Piranhas ★★★½

Nicola is a decent kid in a dirty world. A 15-year-old boy who’s mired in the usual mess of pubescent crises — raging hormones, idiot friends, hostile bullies — Nicola stands out for the attention that he still manages to afford his single mom and younger brother; whether motivated by love or by the unfulfilled masculinity that his absent father left behind, there’s no denying that he’s motivated. Alas, that’s kind of the problem. In most places, it might be a good thing for a teenager to be a real go-getter with ambition to burn and a savvy head for business. In the corrupt heart of Naples, which 2008’s “Gomorrah” effectively minted as the new epicenter of mafia cinema, those same traits are more like a death sentence.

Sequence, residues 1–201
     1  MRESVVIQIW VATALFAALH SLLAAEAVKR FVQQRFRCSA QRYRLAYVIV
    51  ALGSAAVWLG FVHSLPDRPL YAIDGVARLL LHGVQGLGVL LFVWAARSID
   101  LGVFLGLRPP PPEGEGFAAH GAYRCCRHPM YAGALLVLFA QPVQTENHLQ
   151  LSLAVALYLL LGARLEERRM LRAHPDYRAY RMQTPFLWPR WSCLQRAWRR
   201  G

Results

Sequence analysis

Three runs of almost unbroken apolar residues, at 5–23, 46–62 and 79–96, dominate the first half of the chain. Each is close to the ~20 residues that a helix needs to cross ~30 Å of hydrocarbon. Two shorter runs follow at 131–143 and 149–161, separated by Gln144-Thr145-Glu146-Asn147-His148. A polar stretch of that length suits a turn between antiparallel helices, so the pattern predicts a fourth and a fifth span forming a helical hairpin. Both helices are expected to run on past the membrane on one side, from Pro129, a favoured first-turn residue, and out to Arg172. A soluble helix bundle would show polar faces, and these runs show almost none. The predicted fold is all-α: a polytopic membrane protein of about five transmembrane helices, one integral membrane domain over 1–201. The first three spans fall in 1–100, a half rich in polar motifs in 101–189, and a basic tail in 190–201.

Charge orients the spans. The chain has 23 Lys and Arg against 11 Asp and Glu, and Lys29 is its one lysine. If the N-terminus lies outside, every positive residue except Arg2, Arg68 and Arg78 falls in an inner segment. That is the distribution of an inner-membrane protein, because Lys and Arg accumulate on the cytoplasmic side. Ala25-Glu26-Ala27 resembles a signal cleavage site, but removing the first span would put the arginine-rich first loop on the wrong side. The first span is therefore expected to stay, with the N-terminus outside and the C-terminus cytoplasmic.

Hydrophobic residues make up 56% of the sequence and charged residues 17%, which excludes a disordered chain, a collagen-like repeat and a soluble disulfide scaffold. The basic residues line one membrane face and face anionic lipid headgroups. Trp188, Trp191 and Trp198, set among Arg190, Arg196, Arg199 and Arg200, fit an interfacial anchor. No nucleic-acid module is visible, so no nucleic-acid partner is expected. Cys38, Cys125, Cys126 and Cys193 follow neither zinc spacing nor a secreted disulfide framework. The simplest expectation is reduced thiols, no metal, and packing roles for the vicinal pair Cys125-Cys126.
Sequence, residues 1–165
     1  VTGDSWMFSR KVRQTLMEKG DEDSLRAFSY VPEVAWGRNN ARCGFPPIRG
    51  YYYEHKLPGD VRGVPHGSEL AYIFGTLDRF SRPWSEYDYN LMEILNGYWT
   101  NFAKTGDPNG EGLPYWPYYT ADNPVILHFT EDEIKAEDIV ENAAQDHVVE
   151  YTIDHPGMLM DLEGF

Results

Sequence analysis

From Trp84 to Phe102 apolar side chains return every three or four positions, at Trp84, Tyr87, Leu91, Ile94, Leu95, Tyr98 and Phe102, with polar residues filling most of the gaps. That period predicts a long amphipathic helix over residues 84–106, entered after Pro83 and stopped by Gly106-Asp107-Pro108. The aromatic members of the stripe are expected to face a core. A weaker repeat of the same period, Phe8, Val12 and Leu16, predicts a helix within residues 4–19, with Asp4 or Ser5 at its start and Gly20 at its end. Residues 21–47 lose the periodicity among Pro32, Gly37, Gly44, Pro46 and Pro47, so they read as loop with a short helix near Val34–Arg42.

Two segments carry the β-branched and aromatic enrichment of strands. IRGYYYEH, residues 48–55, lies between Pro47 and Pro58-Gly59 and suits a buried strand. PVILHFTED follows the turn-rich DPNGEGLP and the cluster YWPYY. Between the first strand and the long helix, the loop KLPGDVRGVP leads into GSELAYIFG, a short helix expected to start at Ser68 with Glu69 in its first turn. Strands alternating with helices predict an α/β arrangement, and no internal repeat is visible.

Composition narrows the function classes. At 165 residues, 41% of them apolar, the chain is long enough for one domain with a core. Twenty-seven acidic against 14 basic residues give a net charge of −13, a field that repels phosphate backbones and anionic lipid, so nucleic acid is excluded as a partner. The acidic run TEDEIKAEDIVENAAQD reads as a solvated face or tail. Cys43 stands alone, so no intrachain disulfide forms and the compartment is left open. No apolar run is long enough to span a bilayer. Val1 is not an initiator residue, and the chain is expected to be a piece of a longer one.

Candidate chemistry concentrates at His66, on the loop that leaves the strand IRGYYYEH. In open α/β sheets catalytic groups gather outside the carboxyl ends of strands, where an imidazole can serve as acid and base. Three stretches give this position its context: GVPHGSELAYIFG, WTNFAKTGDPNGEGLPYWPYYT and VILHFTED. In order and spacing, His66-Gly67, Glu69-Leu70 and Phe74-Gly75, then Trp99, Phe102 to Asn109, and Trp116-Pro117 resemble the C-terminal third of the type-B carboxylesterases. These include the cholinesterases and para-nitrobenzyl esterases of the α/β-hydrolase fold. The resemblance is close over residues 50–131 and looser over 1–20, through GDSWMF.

A familiar but arrestingly visceral crime story with a coming-of-age twist, Claudio Giovannesi’s “Piranhas” has an unusual relationship with its own predictability. In some ways, this is a movie that you’ve already seen a million times — it’s basically the same old story about how being a gangster is fun until it’s not. From the moment it starts, most viewers will be able to make a few broad assumptions about how it ends.


But where a less muscular or damning portrait might succumb to Giovannesi’s paint-by-numbers plotting, “Piranhas” effectively weaponizes its fundamental obviousness against a naïve young hero who’s so busy eating his way up the food chain that he loses sight of the fact that he lives in a fish tank. For all of its stock characters and standard-issue twists, this isn’t a film that sinks into cliché so much as it’s a film about who swims way straight to the depths after mistaking a glimmer of light for the surface of the water; it’s not a film about how crime doesn’t pay so much as it’s a film about why certain people can’t stop buying into it anyway.

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